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Marvel’s Spider-Man: The Heist review: A fine continuation of a fantastic Spidey adventure

Spider-Man: The Heist is a fine continuation of the friendly-neighborhood Spider-Man’s adventures, but isn’t without problems

Hey, I get it- chances are you’re not thinking about the web-swinging your way across New York City right now. I reckon you’re gallivanting across the re-imagined American West at the turn of the century, searching for trains to rob, whiskey to drink, and that hat that was shot off your head fifteen minutes ago. Even though Red Dead Redemption 2 is at the forefront of every gamer’s mind, PS4 owners should definitely revisit Marvel’s Spider-Man for the new The Heist DLC. The $10 expansion packs an engaging new story that easily outweighs the slight problems the new content brings.

What made Marvel’s Spider-Man such a a beloved (and best-selling) game in the first place was the incredibly faithful adaptation of Spider-Man’s adventures. The Heist picks up right where the intial game left off, this time introducing the classic Spider-man villain/love-interest/hero(?)/sidekick Black Cat as she attempts to pull off a massive heist (hence the title) against the rival Italian gangs trying to wrangle control of the New York underground. The Black Cat is an excellent addition to the already staggering roster of characters in the game and is the first to who presents a sense of moral ambiguity in a world full of black and white heroes and villains.

The story, despite being quite heavy, packs a serious amount of humor with it- so much so it may even outshine the base game. MJ and Peter’s budding relationship brings a bevvy of laughs and J. Jonah Jameson’s rants are funnier than ever. Whoever writes the podcast snippets at Insomniac deserves a big ‘ol raise- or at least a holiday bonus- because triple J is hysterical.

The add-on does a wonderful job capturing the flirtatious yet somewhat antagonistic relationship between Black Cat and Spider-Man. Comic book readers are well aware of the pair’s romantic history, but the tension between the two characters is so palpable that even Spidey newcomers will easily be able to recognize the two’s romantic past. Despite how adorable MJ and Peter are together, the dynamic between Spider-Man and Black Cat is so natural and effortless that I almost felt myself rooting for them to get together.

Speaking of MJ, the DLC packs yet another boring, shoehorned mission that forces the player to control Mary-Jane in a lazy stealth mission. These missions completely derailed the initial game and this one mission does the same in the new content. Even if this sequence can easily be completed in under 10 minutes, it is nonetheless a frustrating chapter that pulls the player from the exhilarating experience of playing as Spider-Man for an uninspired stealth mission. Players don’t want to play as Mary-Jane- they want to play as Spider-Man.

These two are way too good together (Image via Playstation)

If not Spider-Man, at least give players the option to control other super-heroes. It feels like a bit of a missed opportunity for Insomniac to not give players the chance to control Black Cat for a mission or two. Mary-Jane’s mission could’ve easily been replaced with one for Black Cat that would’ve not just kept up the action-packed pace of the story, but provided a dynamic new means of combat tailored specifically to Black Cat.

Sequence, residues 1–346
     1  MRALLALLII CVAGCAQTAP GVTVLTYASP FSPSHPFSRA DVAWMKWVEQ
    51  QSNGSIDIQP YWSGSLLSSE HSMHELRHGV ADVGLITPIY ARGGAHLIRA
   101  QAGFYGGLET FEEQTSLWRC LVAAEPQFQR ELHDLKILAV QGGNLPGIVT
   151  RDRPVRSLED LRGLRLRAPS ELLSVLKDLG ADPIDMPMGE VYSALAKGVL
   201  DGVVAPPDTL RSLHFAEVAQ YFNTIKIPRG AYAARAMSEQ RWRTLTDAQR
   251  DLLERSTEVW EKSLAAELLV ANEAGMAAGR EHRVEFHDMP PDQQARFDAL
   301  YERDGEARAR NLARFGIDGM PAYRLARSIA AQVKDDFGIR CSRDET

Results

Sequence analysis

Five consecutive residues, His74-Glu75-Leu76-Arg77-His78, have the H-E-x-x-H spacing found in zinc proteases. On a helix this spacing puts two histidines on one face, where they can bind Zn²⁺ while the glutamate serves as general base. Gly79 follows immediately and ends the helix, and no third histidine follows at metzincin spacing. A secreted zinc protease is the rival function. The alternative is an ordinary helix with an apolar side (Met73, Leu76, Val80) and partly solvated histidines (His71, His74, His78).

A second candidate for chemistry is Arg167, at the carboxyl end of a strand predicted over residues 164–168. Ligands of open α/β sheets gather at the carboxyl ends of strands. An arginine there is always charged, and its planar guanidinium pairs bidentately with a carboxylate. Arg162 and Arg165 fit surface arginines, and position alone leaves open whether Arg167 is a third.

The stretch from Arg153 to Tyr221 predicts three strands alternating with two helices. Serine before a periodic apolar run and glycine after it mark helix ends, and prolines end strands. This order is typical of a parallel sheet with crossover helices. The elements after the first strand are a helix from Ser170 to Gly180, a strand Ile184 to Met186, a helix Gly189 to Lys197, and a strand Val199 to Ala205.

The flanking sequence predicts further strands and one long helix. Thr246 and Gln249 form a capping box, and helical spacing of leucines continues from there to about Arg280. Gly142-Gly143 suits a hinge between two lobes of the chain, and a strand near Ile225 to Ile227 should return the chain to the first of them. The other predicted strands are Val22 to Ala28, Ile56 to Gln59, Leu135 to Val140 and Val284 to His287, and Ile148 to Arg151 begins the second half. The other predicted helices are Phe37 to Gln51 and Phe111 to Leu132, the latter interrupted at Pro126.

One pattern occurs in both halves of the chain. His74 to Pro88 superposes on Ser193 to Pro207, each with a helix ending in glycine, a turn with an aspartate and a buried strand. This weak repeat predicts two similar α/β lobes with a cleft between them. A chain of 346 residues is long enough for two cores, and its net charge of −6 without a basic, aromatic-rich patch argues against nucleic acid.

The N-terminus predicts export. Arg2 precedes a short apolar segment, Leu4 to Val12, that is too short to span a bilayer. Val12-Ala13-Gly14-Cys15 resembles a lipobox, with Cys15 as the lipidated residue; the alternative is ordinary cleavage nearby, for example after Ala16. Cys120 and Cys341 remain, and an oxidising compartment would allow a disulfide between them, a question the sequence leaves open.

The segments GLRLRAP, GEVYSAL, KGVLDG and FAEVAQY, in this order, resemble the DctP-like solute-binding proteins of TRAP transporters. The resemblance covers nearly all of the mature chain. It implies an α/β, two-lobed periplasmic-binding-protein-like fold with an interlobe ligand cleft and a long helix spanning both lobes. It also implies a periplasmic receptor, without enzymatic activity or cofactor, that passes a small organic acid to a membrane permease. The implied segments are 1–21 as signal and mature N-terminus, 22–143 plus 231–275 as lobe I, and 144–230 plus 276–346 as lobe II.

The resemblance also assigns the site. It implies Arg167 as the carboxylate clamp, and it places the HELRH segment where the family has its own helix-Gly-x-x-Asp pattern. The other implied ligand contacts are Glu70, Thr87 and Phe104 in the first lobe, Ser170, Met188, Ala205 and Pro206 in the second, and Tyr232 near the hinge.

The Heist also introduces new, gatling gun-wielding enemies for Spider-Man to web up and they’re.. well, they’re just frustrating. I am happy that Insomniac made the attempt to add a new flavor of foes for player’s to takedown, but these new enemies were far more aggravating than they were challenging- especially in the climatic final battle. There’s a fine line between challenging and infuriating, and with these new enemies Insomniac leans closer towards infuriating.

These guys are the literal worst (Image via Playstation)

Players hoping to see the DLC build off some of the cliffhangers from the initial game are going to be disappointed- but, then again, you’re kind of a fool for thinking Insomniac wouldn’t save these things for the inevitable sequel. Norman Osborn doesn’t even make so much as a cameo here, so don’t expect any updates on the symbiote material he discovered. Miles Morales, on the other hand, makes a few cameo appearances via phone calls, but merely hints at assuming a vigilante role without ever actually appearing in the game. His presence and insistence on becoming Spider-Man is frequent enough that I wouldn’t be surprised to see super-hero training between Miles and Peter be a part of the next installment of DLC, but I still expect anything like that will be relegated to the sequel.

Marvel’s Spider-Man is one of the absolute best games to release this year (right behind Red Dead Redemption 2 and just ahead of God of War), and The Heist does a great job recapturing what made the initial game so incredible. For just $10, this content pack is more than worth the price.

Is it good?
Marvel's Spider-Man: The Heist features a great story bolstered by a palpable romantic tension between it's leads, but does suffer from another boring MJ mission and annoying new enemy type.
The new story content features, somehow, even more moments of comedic gold than the original.
Black Cat and Spider-Man's complex relationship is expertly captured.
The new narrative is engaging and full of twists and turns, making me very excited for the next chapter.
Rather than offer a chance to control Black Cat, Insomniac forces another boring and uninspired MJ stealth mission on players.
The new mini-gun wielding baddies are more frustrating than challenging.

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